Why Healthcare Strategy Needs a Rethink
Healthcare strategy in its current form isn’t working. The healthcare industry today is turning into a red ocean of cut-throat competition and costs continue to rise. Yet the overall quality of care often does not improve – and even drops in some cases.
We spoke to Bradley Kruger, Vice President of Operations at the Aurora St Luke’s Medical Center, to find out how a blue ocean approach to healthcare strategy can turn things around.
What challenges does the healthcare strategy face today?
The healthcare industry in America is highly competitive. Historically, health systems have competed head-on to gain market share and grow in volume. In the meantime, there is a shift from a fee-for-service model (FFS) to a value-based purchasing model (VBP), where reimbursement is based on the quality of care. This can be the quality of a certain disease-stage care, quality of a certain episode of care, or the quality of care over a longer term.
For example, within 30 days of discharge from the hospital for certain disease states, the hospital won’t get paid if the patient is readmitted.
At Aurora St Luke’s Medical Center, we are roughly 80% FFS and 20% VBP. But it looks this will change to a 65% FFS to 35% VBP ratio in the near future.
It is imperative that we deliver high-quality care and get ready for a world increasingly based on VBP. At the same time, we need to keep our business running and profitable. This means we will have to continue generating volume while reducing costs. But the traditional competitive approach makes it hard to reconcile these two ends.
How did a blue ocean approach help you tackle and overcome these challenges
Blue ocean strategy gave us a whole new perspective for thinking about healthcare and our business practice. Traditionally, when thinking about healthcare strategy, we spent a lot of time talking about the competition, analyzing their trends, numbers, and drilling down into the procedural details of their volumes. Our goal was to beat the competition and grow by taking their market share. And very often, we cut costs at the expense of value, or improved value at increased costs.
How did you apply blue ocean strategy to your business practice?
This procedure is critical for people judged to be high risk or too sick for open heart surgery. But the device for performing this procedure costs more than $30,000, while surgical valves average between $4,000 and $7,000.
Most hospitals lose money on this procedure, as the reimbursement rate is often lower than the cost. Yet they continue to offer this procedure to retain patients, as these patients will normally need associated care both in the short run and the long term.
More importantly, hospitals see offering this procedure as critical for keeping their competitive edge and not being absorbed by other institutions. In other words, many institutions see TAVR as a necessary but expensive investment to stay competitive. The already high-cost structure of the procedure leaves them no incentive to improve the care model of the procedure itself.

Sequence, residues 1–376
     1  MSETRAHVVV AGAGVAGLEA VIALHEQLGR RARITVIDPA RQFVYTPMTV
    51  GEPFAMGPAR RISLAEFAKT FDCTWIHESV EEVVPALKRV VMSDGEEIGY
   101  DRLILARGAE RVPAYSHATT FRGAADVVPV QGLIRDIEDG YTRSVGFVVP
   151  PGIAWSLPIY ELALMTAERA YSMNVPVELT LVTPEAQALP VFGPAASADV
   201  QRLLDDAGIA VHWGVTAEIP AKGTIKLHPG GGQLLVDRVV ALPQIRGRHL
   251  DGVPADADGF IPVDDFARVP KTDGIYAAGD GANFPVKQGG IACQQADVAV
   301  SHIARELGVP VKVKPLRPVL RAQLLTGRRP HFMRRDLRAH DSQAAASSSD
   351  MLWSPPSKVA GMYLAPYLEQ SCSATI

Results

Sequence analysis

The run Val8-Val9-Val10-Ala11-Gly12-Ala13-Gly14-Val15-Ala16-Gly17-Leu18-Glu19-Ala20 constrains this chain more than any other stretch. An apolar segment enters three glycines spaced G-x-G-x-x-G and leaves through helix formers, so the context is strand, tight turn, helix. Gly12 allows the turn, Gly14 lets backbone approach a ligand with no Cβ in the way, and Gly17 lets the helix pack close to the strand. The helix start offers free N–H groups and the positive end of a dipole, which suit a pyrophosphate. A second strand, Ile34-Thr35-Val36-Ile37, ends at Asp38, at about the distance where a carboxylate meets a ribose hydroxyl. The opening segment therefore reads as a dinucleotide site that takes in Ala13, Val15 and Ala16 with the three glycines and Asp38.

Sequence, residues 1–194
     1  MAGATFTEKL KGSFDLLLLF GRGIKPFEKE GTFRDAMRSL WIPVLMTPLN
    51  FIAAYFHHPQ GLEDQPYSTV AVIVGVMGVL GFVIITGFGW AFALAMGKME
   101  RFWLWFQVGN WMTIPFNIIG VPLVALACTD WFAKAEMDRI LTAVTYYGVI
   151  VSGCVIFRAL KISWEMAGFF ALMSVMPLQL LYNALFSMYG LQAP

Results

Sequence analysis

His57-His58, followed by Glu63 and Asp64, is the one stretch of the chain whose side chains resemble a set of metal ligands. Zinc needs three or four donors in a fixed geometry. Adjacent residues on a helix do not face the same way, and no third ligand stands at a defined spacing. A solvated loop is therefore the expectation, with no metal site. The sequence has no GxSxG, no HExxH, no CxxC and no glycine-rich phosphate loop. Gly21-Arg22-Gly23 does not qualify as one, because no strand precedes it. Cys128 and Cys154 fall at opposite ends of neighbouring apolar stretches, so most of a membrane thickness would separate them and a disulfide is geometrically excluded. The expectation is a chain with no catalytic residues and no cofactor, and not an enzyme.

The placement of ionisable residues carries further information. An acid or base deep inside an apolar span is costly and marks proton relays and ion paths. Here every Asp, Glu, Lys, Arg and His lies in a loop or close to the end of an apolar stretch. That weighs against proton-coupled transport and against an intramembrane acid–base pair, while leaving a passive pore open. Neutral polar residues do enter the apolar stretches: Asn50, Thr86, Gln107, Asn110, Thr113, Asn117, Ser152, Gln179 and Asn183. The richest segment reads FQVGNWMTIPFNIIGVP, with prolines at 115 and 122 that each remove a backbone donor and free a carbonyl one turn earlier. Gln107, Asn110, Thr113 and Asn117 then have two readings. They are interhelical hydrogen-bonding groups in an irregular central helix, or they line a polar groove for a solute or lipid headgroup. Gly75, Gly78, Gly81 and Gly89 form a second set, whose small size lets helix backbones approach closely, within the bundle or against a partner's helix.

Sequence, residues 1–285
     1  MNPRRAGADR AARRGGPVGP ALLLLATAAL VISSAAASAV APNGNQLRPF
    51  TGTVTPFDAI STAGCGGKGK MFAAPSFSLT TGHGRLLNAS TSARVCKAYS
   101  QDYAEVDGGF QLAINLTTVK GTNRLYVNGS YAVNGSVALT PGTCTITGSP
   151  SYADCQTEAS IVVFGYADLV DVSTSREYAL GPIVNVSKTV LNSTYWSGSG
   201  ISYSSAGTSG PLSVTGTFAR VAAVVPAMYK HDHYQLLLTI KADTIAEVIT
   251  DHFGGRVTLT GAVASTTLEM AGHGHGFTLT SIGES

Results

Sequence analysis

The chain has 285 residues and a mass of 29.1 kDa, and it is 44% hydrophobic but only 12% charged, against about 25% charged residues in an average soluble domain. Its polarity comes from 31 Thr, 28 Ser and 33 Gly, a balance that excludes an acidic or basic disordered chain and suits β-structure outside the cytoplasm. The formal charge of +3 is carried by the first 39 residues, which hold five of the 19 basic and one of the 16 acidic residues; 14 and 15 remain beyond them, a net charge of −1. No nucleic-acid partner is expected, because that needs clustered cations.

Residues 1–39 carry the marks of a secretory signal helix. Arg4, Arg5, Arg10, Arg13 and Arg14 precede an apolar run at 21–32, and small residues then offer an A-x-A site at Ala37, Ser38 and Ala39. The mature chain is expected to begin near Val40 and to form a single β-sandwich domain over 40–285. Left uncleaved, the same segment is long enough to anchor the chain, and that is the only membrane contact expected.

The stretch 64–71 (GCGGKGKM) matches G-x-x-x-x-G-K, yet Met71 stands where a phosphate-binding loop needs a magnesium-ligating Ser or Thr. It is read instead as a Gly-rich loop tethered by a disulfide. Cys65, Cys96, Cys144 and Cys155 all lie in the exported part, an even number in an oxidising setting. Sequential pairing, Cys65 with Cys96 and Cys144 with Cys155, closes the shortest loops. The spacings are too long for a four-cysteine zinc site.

To this end, the physicians and administration at Aurora St. Luke’s partnered with GE Healthcare Medtronic to redesign the care model. We redesigned the room structure and technology in such a way as to deliver the care faster and with greater precision to patients. This greatly reduced the risk for patients associated with a long waiting period or a second-time operation. The redesigned model also lowered our costs significantly.
How did you create new market space with this program?
Traditionally, the TAVR procedure was offered mainly to patients within our system, i.e. patients of doctors, hospitals and clinics associated with Aurora Health Care. Now, with our ability to perform the procedure with unmatched quality at much lower cost, we talk to our competitors: send your patients over for this procedure, we will do it and then send your patients back.
The patients benefit from this arrangement. The competing health systems also benefit: they can offer their patients get the treatment they need without losing them to competitors. Nor do they have to spend millions of dollars at a loss just to keep their practice competitive. This can save up to 9-10 million dollars a year. So it’s a win-win all around – which is what blue ocean strategy is all about.
The results have seen a huge leap in value for the patients, a 40% decrease in staffing costs and a spectacular 350% rise in contribution margin. It’s a win-win all around.
What lessons has Aurora learned by applying blue ocean strategy?
Blue ocean strategy helped us think differently about healthcare in the community, costs, and partnerships with other companies and competitors.
It enabled growth by creating a new market based on sharply increased value at lower cost for patients and a non-competitive relationship with our traditional competitors.
It helped us see that working with others, increasing levels of trust and creating win-win scenarios is the best way to fulfil our mission to help people live well.
Bradley Kruger is Vice President of Operations at the Aurora St Luke’s Medical Center, overseeing Cardiac Services, Transplant, Pulmonology, Radiology, Neurology and Global & Executive health.